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Not so Similar Anymore? How Media Systems in the Digital Age shape Political Communication in Greece, Italy and Spain

Media
Political Participation
Political Parties
Internet
Social Media
Comparative Perspective
Mixed Methods
Southern Europe
Alice Mattoni
Università di Bologna
Diego Ceccobelli
Scuola Normale Superiore
Alice Mattoni
Università di Bologna

Abstract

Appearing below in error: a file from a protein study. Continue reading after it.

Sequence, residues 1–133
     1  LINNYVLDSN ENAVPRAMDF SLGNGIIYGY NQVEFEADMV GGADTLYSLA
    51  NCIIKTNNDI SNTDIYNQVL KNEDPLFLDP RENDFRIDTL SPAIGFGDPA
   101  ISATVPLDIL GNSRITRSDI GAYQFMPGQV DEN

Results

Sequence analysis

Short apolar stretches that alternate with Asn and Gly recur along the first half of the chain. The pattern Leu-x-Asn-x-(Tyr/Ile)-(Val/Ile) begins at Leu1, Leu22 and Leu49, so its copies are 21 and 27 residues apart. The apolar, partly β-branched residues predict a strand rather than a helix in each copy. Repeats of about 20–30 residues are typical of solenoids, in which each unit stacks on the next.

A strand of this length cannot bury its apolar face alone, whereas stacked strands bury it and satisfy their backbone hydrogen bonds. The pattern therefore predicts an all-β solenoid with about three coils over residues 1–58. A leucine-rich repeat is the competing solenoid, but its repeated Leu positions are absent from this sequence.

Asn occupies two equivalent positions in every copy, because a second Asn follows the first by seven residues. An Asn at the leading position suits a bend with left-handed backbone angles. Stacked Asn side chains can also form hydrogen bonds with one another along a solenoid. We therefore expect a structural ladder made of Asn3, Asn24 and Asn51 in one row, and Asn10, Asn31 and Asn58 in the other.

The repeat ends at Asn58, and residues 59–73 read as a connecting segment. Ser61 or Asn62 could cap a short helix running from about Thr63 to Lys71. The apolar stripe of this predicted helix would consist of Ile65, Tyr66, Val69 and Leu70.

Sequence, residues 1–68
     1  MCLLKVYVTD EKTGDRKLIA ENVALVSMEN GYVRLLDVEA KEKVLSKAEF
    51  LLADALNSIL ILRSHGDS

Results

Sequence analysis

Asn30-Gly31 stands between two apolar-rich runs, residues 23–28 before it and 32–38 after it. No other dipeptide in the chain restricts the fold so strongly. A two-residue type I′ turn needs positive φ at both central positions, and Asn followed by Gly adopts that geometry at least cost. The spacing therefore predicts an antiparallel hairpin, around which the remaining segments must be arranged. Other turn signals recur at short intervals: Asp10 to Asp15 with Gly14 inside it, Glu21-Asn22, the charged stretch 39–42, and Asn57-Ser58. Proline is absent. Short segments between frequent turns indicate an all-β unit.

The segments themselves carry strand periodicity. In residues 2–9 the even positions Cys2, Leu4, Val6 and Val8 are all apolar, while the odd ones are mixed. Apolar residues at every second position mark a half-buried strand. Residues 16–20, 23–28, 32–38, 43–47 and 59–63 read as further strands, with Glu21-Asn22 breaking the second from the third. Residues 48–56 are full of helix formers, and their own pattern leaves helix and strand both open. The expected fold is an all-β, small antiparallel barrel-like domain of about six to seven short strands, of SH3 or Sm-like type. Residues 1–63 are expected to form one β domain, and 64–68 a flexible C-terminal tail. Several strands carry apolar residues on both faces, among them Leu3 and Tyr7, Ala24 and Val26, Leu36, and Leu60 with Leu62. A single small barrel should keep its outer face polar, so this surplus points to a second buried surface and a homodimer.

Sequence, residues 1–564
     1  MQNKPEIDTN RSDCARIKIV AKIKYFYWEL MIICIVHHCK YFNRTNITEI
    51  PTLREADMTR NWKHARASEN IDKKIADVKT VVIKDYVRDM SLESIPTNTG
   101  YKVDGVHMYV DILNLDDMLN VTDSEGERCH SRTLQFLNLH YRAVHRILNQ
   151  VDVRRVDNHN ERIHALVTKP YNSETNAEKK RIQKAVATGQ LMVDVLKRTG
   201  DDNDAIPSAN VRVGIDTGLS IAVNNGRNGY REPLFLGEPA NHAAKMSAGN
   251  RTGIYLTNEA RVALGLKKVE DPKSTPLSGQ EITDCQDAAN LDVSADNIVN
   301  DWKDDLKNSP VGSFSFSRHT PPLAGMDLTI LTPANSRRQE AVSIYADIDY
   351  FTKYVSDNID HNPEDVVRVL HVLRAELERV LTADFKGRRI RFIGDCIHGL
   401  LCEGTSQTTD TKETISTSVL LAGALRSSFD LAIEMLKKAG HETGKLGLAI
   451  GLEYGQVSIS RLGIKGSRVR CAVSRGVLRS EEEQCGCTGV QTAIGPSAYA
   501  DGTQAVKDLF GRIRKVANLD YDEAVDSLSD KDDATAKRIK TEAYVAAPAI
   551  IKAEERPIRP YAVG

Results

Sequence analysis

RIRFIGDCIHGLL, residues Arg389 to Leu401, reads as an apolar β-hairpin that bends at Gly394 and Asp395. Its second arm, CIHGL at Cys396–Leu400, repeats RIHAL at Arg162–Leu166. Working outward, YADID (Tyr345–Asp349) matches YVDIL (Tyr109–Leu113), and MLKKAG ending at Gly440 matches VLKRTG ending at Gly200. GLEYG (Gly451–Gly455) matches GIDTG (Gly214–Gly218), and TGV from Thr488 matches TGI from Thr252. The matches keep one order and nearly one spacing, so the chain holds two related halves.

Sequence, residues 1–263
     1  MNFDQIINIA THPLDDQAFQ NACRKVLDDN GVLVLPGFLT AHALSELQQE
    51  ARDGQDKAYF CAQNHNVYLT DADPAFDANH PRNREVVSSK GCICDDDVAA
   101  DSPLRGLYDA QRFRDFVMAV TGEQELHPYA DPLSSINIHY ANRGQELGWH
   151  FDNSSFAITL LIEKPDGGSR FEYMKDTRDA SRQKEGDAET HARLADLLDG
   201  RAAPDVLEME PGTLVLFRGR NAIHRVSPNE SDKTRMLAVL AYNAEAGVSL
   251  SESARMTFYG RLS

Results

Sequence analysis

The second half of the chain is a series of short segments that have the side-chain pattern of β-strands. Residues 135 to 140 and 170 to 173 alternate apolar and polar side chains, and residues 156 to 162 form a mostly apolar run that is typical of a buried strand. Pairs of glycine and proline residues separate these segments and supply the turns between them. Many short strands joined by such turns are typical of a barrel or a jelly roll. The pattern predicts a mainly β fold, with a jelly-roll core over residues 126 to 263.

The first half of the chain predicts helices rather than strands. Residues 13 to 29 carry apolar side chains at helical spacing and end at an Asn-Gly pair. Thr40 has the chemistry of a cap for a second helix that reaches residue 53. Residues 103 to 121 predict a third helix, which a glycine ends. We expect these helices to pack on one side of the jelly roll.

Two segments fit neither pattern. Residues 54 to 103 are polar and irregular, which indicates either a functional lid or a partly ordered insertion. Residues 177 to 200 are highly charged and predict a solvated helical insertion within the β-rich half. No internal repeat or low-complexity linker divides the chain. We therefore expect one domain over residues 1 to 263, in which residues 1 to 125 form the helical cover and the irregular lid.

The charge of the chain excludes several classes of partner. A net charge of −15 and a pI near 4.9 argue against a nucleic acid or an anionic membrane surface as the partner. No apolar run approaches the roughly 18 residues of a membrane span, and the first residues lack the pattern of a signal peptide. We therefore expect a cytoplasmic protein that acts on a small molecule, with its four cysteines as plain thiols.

The media environment in which Western political leaders communicate with citizens changed considerably in the past decades. Due to the mediatization of politics, and the spread use of ICTs, the center of political communication is shifting from elite-driven media systems to media systems in which voters’ behavior in producing, accessing, and circulating political information is increasingly important. This transformation had a profound consequence for ways in which political leaders interact with different media technologies in order to reach their constituencies and establish channels of communication that allow them to bypass their party machines and to appeal directly to voters. To fully grasp such changes, there is the urgent need to assess the quality of the media systems in which political leaders and their voters interact. In this paper, we employ a theoretical model updating and expanding the work of Hallin and Mancini (2004) to compare the media systems of three Southern European countries – Greece, Italy, and Spain – in the digital age. More in particular, we analyze quantitative and qualitative data on a revised version of its four original variables – media market, political parallelism, state intervention, and journalistic professionalization – to acknowledge the raise and diffusion of ICTs. And we then investigate further two new variables – media accountability and peoples’ voices – that take into consideration the increasingly important role of bottom-up processes related to political communication today. While these countries are usually included in the same Polarized Pluralist model according to the taxonomy developed by Hallin and Mancini, our analysis shows that they differ under many respects when considering their media systems in the digital age. While we detect a convergence among the three countries with regard to certain variables in our model, other variables tend to differ to a great extent. This, we argue, also has consequences with regard to the communicative practices of political leaders and their voters in Greece, Italy and Spain. The paper derives from the research project PiCME - Political participation in Complex Media Environments, based at the Scuola Normale Superiore, and it is structured as follow. The introduction illustrates the contribution of the Hallin and Mancini theoretical framework, explaining why it still represents a valuable starting point to develop cross-country comparative research on political communication and how we can update and expand it so as to take into consideration the relevant transformations that characterized political communication in the past decade. We then discuss the quantitative and qualitative data that we gathered on Greece, Italy and Spain from existing datasets, original expert interviews (N = 21), and original cognitive maps and semi-structured interviews with political actors (N = 30). Conclusions summarize the main findings of our work and consider how changes at the level of media systems in the three countries have influenced political communication processes, especially with regard to the interactions between political leaders and voters.